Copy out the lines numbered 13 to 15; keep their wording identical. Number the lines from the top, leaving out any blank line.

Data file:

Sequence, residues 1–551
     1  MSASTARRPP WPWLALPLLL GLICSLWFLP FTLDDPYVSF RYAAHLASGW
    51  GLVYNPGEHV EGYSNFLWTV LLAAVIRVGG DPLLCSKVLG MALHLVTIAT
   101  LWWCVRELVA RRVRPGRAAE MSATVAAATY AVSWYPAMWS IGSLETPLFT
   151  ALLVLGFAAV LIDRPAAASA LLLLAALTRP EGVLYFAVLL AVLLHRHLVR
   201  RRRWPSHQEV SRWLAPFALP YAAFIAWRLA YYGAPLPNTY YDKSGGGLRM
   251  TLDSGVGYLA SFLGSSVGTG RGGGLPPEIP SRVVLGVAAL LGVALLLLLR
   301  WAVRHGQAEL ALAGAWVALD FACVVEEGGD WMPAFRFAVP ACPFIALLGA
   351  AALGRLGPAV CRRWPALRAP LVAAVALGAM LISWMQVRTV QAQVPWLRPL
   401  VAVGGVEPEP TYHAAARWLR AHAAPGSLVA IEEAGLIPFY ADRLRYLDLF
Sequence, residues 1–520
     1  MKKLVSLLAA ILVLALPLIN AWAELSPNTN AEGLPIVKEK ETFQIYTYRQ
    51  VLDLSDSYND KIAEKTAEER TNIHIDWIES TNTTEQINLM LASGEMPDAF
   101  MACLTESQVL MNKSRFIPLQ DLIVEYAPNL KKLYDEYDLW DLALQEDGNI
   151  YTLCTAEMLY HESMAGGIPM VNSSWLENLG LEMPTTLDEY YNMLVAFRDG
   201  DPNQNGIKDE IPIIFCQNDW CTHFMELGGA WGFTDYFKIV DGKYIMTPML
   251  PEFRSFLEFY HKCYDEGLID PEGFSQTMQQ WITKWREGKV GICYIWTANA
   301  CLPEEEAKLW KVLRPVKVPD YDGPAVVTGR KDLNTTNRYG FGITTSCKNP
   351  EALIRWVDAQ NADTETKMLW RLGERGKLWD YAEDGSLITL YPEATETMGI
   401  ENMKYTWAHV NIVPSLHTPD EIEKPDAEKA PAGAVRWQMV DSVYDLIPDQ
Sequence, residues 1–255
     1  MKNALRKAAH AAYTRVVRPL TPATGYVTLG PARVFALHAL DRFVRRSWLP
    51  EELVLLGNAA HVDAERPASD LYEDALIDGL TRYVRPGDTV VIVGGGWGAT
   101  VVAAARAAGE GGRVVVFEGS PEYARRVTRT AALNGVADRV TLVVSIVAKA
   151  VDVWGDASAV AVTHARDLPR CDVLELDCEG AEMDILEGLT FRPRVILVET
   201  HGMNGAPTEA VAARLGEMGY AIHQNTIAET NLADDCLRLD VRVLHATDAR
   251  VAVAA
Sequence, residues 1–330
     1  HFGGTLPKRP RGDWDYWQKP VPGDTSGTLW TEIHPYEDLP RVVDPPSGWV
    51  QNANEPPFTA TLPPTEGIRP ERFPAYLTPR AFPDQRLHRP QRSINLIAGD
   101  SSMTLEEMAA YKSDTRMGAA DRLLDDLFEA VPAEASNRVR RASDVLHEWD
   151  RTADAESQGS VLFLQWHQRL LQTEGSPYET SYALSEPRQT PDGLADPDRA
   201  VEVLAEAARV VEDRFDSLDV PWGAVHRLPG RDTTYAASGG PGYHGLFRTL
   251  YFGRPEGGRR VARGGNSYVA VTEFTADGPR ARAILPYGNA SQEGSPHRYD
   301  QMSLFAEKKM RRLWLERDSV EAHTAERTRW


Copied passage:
    51  VLDLSDSYND KIAEKTAEER TNIHIDWIES TNTTEQINLM LASGEMPDAF
   101  MACLTESQVL MNKSRFIPLQ DLIVEYAPNL KKLYDEYDLW DLALQEDGNI
   151  YTLCTAEMLY HESMAGGIPM VNSSWLENLG LEMPTTLDEY YNMLVAFRDG